Ryan Dagur, Jakarta
Updated: February 04, 2021 07:01 AM GMT
Indonesian Education and Culture Minister Nadiem Anwar Makarim announces a new decree banning state schools from interfering in the religious beliefs of students and teachers on Feb. 3. (Photo: YouTube)
The Indonesian government has issued a decree banning state schools from interfering in the religious beliefs of students and teachers in a move that is being hailed as part of increased efforts to ensure the Muslim-majority country remains inclusive.
The decree was announced on Feb. 3 following an outcry last month after a state vocational senior high school in Padang, West Sumatra province, ordered all female students to wear a hijab.
According to the decree, schools must not force students and teachers to wear clothing that identifies people with a certain religion.
"The essence of this decree is that students, teachers and education officials have the right to choose. Wearing religious-oriented attire is an individual decision," said Minister of Education and Culture Nadiem Anwar Makarim when announcing the decree with Religious Affairs Minister Yaqut Cholil Qoumas and Home Affairs Minister Muhammad Tito Karnavian.
The decree also demands that local governments and school principals revoke regulations that require or prohibit such attire within 30 days.
Makarim called on the public to report any violations.
The regulation, however, exempts Aceh province in Sumatra, the only region in Indonesia authorized to impose Islamic Sharia law.
Minister Quomas said the decree was necessary to stamp out religious intolerance in schools and cited the Padang school which had tried to force a Christian girl to wear a Muslim headscarf.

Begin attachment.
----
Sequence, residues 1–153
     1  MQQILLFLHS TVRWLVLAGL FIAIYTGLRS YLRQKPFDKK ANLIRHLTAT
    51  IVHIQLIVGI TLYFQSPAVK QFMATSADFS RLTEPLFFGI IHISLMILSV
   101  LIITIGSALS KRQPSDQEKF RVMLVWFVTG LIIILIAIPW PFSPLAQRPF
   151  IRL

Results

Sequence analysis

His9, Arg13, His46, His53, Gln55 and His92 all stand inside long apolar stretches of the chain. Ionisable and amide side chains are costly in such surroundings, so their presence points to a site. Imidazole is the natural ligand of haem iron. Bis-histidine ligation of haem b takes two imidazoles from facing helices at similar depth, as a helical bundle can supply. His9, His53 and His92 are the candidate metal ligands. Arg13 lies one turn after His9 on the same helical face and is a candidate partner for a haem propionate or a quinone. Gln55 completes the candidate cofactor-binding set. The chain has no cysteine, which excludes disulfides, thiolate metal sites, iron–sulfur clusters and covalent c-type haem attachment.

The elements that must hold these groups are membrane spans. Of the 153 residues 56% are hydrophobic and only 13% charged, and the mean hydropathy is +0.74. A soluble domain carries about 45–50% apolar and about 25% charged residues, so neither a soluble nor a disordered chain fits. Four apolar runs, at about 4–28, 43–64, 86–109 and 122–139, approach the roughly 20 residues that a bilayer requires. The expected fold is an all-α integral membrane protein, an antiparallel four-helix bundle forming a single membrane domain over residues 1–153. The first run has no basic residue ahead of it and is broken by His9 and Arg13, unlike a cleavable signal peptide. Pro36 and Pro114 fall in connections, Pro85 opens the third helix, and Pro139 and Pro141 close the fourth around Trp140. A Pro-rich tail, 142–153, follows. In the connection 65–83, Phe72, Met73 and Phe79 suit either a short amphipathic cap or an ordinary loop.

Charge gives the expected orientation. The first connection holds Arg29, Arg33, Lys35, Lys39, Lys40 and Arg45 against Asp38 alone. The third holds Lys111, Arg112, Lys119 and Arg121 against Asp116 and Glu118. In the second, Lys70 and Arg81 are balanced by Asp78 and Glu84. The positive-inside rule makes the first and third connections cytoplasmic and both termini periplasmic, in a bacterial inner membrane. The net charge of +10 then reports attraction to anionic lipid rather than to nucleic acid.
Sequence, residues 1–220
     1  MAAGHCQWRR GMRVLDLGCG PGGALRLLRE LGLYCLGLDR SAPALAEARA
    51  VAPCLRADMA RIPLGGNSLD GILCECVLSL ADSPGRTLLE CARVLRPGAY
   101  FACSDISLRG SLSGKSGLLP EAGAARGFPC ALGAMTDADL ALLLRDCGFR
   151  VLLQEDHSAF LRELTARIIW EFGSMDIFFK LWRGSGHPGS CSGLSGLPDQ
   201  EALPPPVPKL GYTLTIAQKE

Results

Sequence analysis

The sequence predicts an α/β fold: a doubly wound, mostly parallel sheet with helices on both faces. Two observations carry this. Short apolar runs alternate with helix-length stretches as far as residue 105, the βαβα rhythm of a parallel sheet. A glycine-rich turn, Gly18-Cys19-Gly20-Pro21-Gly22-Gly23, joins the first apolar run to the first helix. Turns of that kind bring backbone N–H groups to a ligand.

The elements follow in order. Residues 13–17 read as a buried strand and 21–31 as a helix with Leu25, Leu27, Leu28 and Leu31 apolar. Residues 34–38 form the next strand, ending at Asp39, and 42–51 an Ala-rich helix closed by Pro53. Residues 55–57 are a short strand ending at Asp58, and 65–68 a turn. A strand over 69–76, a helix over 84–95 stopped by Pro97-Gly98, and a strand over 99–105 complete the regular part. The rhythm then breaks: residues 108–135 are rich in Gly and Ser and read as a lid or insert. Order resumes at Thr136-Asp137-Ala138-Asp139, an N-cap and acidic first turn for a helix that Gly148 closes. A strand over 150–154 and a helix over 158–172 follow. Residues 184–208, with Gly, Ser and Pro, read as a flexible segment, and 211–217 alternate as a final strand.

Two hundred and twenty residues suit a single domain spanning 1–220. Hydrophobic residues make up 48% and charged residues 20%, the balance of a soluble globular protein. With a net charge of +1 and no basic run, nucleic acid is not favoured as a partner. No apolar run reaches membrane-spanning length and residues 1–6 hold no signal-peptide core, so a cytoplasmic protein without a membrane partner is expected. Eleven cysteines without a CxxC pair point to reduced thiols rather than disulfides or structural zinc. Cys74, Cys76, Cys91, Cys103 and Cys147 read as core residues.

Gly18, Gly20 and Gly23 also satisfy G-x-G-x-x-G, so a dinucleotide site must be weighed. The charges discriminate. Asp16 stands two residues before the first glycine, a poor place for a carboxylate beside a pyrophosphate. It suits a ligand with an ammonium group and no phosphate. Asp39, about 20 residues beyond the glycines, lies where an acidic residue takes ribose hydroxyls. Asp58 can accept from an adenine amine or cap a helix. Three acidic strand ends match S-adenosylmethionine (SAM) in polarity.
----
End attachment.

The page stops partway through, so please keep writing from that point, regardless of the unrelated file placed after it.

"I believe that case was just the tip of the iceberg," said Quomas, adding that the government hopes everyone will respect each other's beliefs.
Ahmad Nurcholish from the Indonesia Conference on Religion and Peace welcomed the decree, saying it upholds the concept of freedom of religion and belief guaranteed by the Indonesian Constitution.
"Schools should be free from such mandatory religious requirements. Let it be an individual decision,” he told UCA News.
Franciscan Father Vinsensius Darmin Mbula, chairman of the National Council of Catholic Education, said it showed the government's commitment to guarantee the rights of all people.
"I hope this decree will truly have an impact on the way local governments and school principals think and behave so that there are no more incidents of intolerance in schools," he told UCA News.
Even though the decree applied to state schools, he said, Catholic ones also needed to reflect on this so that they can create a climate imbued with the spirit of dialogue and respect for the rights of every student.
"Catholic schools should become centers for fraternal encounters with students of different religions," Father Mbula said.
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